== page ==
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Journalists in hiding from rioting soldiers

(IFJ/IFEX) - The International Federation of Journalists (IFJ) is extremely worried for the safety of a team of journalists in Indonesia, who tonight are reported to be in hiding in Jayapura, Papua Province, as hundreds of soldiers of the Indonesian army riot in the town.

Aliansi Jurnalis Independen (AJI), an IFJ affiliate, reports that the journalists were reporting on a military event in Jayapura today when they observed soldiers attacking an army camp. One of the team took photos of the attack.

While the details are unclear, it is reported that a large group of border patrol soldiers of Battalion 751 Sentani then turned on the journalists.

After soldiers seized the journalists' bags and cameras, the media team sought refuge in a nearby community.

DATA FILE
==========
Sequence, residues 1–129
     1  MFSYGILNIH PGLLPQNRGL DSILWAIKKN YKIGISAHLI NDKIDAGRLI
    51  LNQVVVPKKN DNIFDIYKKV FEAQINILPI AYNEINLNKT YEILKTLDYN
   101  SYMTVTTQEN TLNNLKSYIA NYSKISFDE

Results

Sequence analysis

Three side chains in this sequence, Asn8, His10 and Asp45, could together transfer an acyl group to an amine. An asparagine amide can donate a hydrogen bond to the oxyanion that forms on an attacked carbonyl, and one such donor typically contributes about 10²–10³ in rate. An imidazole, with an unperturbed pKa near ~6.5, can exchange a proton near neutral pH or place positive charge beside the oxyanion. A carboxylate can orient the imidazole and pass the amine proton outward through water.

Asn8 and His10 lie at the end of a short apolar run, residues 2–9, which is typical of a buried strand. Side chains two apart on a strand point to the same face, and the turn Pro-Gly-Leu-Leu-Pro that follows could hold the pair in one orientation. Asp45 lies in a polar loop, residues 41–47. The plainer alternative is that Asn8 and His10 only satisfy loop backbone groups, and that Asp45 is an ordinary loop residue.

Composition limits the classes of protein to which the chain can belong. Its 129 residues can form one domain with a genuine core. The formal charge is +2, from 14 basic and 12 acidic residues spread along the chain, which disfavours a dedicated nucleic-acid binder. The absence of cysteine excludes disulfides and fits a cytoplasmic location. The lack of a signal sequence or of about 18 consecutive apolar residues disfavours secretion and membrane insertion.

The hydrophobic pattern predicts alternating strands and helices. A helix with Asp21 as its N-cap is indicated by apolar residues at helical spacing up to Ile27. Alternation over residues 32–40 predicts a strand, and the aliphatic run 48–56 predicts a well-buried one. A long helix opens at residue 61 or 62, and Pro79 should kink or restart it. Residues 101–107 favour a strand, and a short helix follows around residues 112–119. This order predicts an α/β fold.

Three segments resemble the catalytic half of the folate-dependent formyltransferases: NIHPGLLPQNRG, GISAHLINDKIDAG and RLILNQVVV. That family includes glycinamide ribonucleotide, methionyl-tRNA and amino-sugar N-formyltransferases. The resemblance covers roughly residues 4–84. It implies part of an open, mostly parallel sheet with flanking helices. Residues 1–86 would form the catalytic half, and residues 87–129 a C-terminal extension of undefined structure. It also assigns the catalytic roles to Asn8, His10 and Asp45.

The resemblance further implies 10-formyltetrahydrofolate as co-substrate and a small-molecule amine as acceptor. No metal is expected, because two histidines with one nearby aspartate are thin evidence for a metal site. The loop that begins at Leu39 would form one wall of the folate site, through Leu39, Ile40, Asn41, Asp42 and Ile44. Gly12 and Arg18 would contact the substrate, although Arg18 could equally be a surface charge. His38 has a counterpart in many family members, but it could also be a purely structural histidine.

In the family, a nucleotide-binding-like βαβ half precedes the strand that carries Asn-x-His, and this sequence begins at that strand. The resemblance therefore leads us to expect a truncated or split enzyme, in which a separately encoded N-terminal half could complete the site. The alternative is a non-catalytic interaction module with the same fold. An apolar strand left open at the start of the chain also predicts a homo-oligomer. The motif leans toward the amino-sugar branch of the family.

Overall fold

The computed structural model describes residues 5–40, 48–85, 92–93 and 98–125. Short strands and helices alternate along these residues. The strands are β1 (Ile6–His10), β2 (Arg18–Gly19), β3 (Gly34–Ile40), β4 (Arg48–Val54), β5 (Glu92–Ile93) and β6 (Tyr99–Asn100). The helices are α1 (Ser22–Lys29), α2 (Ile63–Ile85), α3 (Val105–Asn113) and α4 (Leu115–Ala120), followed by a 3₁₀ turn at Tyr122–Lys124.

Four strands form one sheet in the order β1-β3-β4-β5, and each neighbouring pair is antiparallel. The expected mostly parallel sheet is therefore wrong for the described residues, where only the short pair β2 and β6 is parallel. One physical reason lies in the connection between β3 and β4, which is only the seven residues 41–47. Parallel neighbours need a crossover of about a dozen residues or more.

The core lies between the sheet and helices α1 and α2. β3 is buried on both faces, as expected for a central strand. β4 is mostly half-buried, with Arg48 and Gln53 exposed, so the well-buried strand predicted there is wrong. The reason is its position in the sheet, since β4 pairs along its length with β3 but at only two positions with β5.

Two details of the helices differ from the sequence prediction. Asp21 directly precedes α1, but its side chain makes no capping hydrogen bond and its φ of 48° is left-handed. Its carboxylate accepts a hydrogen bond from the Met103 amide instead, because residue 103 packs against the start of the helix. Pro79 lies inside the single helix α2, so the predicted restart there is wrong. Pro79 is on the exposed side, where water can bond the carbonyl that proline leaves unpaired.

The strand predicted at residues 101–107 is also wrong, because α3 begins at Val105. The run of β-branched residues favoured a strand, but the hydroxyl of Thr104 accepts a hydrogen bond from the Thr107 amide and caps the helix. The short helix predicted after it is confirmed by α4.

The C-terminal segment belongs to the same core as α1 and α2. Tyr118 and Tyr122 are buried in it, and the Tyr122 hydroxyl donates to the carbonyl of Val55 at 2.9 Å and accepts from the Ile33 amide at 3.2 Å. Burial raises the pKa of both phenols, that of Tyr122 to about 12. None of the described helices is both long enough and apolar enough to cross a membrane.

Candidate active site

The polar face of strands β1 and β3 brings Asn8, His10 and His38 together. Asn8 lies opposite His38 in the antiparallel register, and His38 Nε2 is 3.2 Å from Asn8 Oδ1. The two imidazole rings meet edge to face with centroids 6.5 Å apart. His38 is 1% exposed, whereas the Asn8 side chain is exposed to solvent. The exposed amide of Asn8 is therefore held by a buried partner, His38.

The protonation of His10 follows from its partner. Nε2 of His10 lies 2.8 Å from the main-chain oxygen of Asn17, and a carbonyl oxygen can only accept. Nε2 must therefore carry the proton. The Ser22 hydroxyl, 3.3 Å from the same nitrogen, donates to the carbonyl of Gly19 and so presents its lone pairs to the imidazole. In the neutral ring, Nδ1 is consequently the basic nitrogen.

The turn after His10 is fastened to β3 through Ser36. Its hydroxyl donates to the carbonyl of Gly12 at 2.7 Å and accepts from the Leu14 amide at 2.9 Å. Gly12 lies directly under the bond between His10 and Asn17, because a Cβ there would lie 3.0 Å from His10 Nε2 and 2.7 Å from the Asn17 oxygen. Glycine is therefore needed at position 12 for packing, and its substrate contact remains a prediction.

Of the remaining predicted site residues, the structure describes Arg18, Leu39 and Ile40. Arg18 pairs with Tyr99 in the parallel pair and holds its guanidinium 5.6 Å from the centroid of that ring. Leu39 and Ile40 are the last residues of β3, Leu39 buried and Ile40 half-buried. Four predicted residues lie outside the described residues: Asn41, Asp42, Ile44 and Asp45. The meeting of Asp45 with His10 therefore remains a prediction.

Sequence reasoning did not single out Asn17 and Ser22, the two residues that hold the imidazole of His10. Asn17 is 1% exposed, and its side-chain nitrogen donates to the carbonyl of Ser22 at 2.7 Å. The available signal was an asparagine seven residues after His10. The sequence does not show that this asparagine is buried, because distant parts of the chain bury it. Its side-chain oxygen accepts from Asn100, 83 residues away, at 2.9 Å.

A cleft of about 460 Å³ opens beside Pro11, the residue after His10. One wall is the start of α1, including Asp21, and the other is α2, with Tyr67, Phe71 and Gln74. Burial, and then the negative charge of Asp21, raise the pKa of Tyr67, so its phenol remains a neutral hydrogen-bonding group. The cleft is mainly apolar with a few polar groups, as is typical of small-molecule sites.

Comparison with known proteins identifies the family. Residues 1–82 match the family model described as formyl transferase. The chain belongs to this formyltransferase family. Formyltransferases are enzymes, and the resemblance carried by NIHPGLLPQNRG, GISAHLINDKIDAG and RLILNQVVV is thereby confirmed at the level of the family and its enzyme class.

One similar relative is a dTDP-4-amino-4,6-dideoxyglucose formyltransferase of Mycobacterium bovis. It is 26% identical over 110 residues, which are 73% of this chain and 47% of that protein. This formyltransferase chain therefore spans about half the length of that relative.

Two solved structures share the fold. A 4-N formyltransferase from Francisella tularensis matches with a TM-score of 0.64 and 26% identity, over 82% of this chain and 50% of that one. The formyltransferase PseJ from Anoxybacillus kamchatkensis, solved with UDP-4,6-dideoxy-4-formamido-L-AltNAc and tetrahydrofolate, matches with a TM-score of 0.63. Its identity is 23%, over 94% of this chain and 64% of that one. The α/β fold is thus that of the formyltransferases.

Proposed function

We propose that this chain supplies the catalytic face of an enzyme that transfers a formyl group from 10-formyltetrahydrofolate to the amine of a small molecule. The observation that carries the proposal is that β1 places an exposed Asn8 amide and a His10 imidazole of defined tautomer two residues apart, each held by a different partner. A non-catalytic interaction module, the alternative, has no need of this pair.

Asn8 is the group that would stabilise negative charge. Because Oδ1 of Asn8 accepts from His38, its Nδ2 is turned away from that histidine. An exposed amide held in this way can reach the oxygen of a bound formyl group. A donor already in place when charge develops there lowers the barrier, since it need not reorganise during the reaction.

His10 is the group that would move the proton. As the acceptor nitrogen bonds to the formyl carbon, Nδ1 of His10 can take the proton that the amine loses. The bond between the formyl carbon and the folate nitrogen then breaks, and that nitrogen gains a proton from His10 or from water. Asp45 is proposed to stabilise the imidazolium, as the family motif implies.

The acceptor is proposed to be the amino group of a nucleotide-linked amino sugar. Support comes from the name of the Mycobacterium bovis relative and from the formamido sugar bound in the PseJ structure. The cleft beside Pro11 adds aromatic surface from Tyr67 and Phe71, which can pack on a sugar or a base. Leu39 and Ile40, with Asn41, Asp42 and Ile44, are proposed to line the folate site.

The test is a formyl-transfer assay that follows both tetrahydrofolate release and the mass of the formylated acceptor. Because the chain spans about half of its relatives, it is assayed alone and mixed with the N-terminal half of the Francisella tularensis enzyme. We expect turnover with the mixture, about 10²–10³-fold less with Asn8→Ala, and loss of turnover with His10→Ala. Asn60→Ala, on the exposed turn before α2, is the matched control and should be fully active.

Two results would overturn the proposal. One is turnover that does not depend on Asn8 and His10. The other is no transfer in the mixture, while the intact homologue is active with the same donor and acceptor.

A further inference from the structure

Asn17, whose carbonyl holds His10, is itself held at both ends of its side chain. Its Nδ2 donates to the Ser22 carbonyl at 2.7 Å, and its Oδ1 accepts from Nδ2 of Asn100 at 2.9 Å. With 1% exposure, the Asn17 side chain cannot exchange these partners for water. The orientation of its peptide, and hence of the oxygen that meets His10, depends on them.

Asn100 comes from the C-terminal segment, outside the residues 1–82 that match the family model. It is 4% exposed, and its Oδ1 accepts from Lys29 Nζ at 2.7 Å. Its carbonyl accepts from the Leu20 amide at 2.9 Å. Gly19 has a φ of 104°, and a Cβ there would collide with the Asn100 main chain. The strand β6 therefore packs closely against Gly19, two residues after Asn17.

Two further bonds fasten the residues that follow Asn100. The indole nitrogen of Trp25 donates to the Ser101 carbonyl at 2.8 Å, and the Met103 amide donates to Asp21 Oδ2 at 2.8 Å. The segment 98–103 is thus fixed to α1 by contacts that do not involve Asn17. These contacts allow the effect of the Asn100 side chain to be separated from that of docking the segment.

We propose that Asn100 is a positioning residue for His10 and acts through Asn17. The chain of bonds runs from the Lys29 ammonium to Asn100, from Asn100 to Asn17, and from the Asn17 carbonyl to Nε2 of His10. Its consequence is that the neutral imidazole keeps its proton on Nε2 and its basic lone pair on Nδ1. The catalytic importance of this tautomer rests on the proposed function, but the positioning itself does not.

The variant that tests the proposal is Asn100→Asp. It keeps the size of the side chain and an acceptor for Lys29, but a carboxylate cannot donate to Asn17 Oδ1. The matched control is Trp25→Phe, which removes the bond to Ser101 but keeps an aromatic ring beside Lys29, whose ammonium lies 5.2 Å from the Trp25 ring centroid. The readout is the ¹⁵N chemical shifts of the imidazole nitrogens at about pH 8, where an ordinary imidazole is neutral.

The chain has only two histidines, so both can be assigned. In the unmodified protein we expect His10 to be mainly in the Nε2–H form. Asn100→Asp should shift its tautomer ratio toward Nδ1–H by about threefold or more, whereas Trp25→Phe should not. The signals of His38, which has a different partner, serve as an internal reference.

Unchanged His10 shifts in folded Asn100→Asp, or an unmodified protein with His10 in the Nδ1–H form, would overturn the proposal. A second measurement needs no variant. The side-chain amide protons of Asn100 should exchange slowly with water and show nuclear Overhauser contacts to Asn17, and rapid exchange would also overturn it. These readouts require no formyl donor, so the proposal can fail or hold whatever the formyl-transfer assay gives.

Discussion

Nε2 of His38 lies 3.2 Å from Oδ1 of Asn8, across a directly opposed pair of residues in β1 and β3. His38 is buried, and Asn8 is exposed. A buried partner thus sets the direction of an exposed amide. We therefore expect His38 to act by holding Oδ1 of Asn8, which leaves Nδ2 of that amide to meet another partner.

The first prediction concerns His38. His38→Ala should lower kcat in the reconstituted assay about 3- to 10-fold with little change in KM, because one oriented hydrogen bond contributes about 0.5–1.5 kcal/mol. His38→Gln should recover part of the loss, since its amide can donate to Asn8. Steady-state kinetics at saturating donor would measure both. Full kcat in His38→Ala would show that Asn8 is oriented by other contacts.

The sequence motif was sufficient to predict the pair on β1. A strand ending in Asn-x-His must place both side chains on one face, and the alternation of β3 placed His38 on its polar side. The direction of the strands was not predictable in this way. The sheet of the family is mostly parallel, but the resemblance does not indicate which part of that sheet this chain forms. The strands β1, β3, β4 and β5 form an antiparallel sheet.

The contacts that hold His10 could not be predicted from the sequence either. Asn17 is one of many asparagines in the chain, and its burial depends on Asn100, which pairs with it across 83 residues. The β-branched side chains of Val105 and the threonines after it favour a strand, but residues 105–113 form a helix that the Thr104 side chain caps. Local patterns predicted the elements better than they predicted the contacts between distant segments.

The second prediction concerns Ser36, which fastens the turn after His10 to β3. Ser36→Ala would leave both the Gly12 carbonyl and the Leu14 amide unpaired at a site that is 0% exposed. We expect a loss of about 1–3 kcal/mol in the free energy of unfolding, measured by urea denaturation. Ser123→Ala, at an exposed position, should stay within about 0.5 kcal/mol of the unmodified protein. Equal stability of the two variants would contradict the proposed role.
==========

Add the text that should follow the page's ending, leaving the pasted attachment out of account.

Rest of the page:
Four journalists are reportedly hiding in a local police station. Another is sheltering in a local home and has reported hearing many gunshots. Local people provided the journalists with different clothes to disguise their identities.

The police reportedly say they cannot guarantee the safety of the journalists if they leave the station. The police are also worried for their own safety after a clash between soldiers and police yesterday. While the IFJ is aware of the names of two of the journalists, it is refraining from naming them in the interests of their safety.

It is reported that the soldiers are angry with a provincial military commander for failing to provide adequate compensation for the death of a soldier. The commander had invited the journalists to attend an event in the town.

The well-being of the journalists could not be confirmed tonight. However, there were unconfirmed reports that one of the journalists may be suffering head injuries.

"The Indonesian Government must take urgent action to calm the situation and provide police with immediate support to protect these journalists, who have been singled out by soldiers and are in grave danger amid the chaos in Jayapura," IFJ Asia-Pacific Director Jacqueline Park said.

The IFJ represents over 600,000 journalists in 120 countries worldwide.

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